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In efforts to bullet-proof a few aspects of a Mac application I maintain, I'm introducing a new suite of unit tests surrounding the saving/loading components of the code.

The tests have been written, and pass under 10.7 Lion using the proper NSFileCoordinator method calls.

But: There are portions of the code that will branch if running under 10.6 Snow Leopard (and some classes are not available), and will branch even further if running under 10.5 Leopard.

My current "testing" strategy is to triple-boot the three operating systems. I build and test in 10.7, then I reboot and build and test in 10.6, then I reboot and build and test in 10.5.

As you can imagine, this gets frustrating and is a huge diversion from getting stuff done.

My Question: Are there any commercial/known methods for testing Objective-C code under different versions of Mac OS X (and thus different behaviors) without actually requiring that version of Mac OS X to be the version running? (Preferably without using a VM)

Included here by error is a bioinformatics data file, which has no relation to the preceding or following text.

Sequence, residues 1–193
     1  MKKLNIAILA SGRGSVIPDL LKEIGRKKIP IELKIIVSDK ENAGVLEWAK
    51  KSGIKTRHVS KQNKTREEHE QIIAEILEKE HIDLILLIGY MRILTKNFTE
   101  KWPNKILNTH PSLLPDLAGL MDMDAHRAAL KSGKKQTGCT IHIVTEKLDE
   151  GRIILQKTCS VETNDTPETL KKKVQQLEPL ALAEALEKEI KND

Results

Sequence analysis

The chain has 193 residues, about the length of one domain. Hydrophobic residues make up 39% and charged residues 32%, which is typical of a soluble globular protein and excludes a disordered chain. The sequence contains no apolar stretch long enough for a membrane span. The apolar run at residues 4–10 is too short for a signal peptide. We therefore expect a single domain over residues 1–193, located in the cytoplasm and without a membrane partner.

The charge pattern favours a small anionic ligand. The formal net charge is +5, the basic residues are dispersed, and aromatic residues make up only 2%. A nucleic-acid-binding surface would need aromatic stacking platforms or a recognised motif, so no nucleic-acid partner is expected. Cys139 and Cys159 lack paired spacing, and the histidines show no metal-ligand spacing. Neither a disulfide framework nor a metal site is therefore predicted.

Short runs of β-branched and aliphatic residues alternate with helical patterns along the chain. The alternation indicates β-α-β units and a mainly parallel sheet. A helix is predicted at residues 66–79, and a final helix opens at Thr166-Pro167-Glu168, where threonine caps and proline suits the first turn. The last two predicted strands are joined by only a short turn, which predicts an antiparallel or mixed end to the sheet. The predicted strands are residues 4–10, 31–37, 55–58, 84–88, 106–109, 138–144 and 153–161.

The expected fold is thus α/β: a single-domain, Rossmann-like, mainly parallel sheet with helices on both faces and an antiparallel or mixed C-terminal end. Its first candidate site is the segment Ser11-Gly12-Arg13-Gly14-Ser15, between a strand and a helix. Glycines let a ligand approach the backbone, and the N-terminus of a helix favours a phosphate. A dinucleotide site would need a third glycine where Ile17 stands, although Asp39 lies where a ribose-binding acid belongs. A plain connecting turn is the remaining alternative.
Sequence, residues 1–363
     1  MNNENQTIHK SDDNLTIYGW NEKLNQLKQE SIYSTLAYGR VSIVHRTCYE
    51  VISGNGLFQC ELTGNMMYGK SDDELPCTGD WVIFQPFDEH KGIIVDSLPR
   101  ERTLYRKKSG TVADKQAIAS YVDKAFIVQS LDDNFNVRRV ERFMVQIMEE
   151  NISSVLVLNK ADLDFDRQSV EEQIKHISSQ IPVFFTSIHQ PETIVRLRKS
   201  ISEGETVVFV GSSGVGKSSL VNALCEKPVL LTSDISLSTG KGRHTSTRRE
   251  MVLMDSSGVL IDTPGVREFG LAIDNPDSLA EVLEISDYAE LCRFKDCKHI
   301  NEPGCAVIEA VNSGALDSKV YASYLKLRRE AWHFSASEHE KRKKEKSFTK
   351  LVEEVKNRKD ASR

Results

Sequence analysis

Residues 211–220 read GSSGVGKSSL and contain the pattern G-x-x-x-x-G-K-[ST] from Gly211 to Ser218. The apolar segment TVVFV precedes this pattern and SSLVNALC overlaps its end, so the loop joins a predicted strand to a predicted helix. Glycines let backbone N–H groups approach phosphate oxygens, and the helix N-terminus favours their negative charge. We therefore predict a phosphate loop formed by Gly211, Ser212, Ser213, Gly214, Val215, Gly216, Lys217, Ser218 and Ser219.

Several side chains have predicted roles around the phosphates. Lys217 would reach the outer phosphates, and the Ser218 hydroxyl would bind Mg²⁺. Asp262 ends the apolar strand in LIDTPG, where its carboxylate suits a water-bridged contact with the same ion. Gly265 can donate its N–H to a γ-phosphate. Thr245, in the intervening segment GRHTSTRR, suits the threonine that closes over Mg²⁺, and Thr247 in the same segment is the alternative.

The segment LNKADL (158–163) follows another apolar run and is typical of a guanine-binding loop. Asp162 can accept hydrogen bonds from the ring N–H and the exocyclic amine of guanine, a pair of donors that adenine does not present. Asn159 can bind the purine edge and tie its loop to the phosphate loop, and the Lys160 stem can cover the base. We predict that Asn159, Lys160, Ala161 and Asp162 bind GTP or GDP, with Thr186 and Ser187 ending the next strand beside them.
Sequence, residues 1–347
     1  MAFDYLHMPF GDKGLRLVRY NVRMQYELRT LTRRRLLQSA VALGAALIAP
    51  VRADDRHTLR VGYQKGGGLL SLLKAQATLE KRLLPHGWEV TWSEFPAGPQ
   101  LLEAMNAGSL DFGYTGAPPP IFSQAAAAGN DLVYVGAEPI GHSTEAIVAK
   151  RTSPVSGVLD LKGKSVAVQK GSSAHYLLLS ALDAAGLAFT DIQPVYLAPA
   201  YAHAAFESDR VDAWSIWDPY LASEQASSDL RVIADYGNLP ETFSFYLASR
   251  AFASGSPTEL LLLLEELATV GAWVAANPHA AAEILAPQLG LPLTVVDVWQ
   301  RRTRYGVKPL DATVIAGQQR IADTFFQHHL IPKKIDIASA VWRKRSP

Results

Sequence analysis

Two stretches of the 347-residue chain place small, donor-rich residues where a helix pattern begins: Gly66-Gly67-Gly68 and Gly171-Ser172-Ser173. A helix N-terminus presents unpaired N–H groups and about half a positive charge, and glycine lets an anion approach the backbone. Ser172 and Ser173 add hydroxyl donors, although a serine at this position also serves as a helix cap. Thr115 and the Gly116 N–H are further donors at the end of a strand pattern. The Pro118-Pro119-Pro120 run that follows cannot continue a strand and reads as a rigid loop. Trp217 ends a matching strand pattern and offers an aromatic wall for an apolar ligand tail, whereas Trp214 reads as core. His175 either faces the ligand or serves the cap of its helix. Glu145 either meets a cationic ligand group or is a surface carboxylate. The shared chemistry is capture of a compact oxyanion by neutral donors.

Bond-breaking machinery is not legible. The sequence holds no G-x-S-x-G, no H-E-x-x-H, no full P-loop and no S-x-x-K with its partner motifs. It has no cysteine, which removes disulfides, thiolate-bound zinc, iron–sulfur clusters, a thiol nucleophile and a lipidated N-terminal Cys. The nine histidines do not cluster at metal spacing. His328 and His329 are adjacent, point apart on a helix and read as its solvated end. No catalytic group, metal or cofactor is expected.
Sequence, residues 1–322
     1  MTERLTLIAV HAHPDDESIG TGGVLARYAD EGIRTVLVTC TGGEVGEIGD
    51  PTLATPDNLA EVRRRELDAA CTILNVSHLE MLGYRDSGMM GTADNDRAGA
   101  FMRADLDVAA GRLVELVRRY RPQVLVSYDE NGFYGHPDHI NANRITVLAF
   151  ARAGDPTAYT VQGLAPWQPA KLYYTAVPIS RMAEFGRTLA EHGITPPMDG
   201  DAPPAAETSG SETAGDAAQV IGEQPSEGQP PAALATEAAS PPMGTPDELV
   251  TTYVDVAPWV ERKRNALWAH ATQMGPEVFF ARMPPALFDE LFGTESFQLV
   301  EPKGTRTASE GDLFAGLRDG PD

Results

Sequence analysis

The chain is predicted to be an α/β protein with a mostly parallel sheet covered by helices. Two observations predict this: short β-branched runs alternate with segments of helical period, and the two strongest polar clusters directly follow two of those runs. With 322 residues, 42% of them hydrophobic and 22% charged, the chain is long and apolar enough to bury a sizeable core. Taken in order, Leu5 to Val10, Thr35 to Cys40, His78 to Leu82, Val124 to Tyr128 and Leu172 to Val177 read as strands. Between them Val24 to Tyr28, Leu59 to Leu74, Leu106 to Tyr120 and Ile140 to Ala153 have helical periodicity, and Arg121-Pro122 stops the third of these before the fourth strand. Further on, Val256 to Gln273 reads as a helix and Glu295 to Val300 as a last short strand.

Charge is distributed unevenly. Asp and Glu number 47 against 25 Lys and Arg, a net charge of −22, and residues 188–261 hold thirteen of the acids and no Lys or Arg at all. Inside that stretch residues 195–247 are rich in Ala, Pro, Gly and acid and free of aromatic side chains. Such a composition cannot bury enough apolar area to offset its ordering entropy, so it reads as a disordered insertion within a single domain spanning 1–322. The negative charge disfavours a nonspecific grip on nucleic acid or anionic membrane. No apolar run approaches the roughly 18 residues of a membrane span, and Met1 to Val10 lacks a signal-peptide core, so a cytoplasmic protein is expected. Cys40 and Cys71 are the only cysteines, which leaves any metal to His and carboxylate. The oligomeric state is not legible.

I have trouble picturing Apple releasing a new update for iPhoto and testing it on 15 different Macs running 10.6.0, 10.6.1, 10.6.2... etc.

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Apple has the least problem testing things across versions as they have a division of testers. – Dani Oct 29 '11 at 0:03
I'm sure they have plenty of testers, but I'm sure that the thought of not having to do it this way must have crossed their minds at some point. – Craig Otis Oct 29 '11 at 0:11
I think you can change the base sdk for that, it adds warning about calls and classes that don't exist, but I think it permits it to be run if its on a new OS. – Dani Oct 29 '11 at 0:19
But building and running an application in Xcode using the 10.6 base SDK wouldn't cause it to run as if it were running on an actual 10.6 machine, right? If I perform method calls that are only available in 10.7 Lion, or do any [... respondsToSelector:...] calls, their return values will reflect the state of the current running OS, not the SDK of the OS the application was built against. – Craig Otis Oct 29 '11 at 1:51
as I said, all it does is add warnings. – Dani Oct 29 '11 at 3:39

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